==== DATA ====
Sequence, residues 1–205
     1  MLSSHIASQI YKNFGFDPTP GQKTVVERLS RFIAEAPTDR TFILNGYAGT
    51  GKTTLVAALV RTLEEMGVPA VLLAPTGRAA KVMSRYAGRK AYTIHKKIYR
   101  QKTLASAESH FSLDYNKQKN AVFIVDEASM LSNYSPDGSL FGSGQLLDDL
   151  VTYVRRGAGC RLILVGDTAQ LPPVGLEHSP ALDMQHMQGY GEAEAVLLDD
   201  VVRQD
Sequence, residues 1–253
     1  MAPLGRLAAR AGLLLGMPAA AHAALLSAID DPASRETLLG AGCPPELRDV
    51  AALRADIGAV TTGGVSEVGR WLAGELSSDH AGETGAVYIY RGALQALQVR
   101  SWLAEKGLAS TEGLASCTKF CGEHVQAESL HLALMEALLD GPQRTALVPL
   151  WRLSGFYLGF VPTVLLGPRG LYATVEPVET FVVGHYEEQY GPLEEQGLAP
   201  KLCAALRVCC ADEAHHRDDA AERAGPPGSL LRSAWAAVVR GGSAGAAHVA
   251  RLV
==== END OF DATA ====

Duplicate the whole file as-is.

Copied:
Sequence, residues 1–205
     1  MLSSHIASQI YKNFGFDPTP GQKTVVERLS RFIAEAPTDR TFILNGYAGT
    51  GKTTLVAALV RTLEEMGVPA VLLAPTGRAA KVMSRYAGRK AYTIHKKIYR
   101  QKTLASAESH FSLDYNKQKN AVFIVDEASM LSNYSPDGSL FGSGQLLDDL
   151  VTYVRRGAGC RLILVGDTAQ LPPVGLEHSP ALDMQHMQGY GEAEAVLLDD
   201  VVRQD
Sequence, residues 1–253
     1  MAPLGRLAAR AGLLLGMPAA AHAALLSAID DPASRETLLG AGCPPELRDV
    51  AALRADIGAV TTGGVSEVGR WLAGELSSDH AGETGAVYIY RGALQALQVR
   101  SWLAEKGLAS TEGLASCTKF CGEHVQAESL HLALMEALLD GPQRTALVPL
   151  WRLSGFYLGF VPTVLLGPRG LYATVEPVET FVVGHYEEQY GPLEEQGLAP
   201  KLCAALRVCC ADEAHHRDDA AERAGPPGSL LRSAWAAVVR GGSAGAAHVA
   251  RLV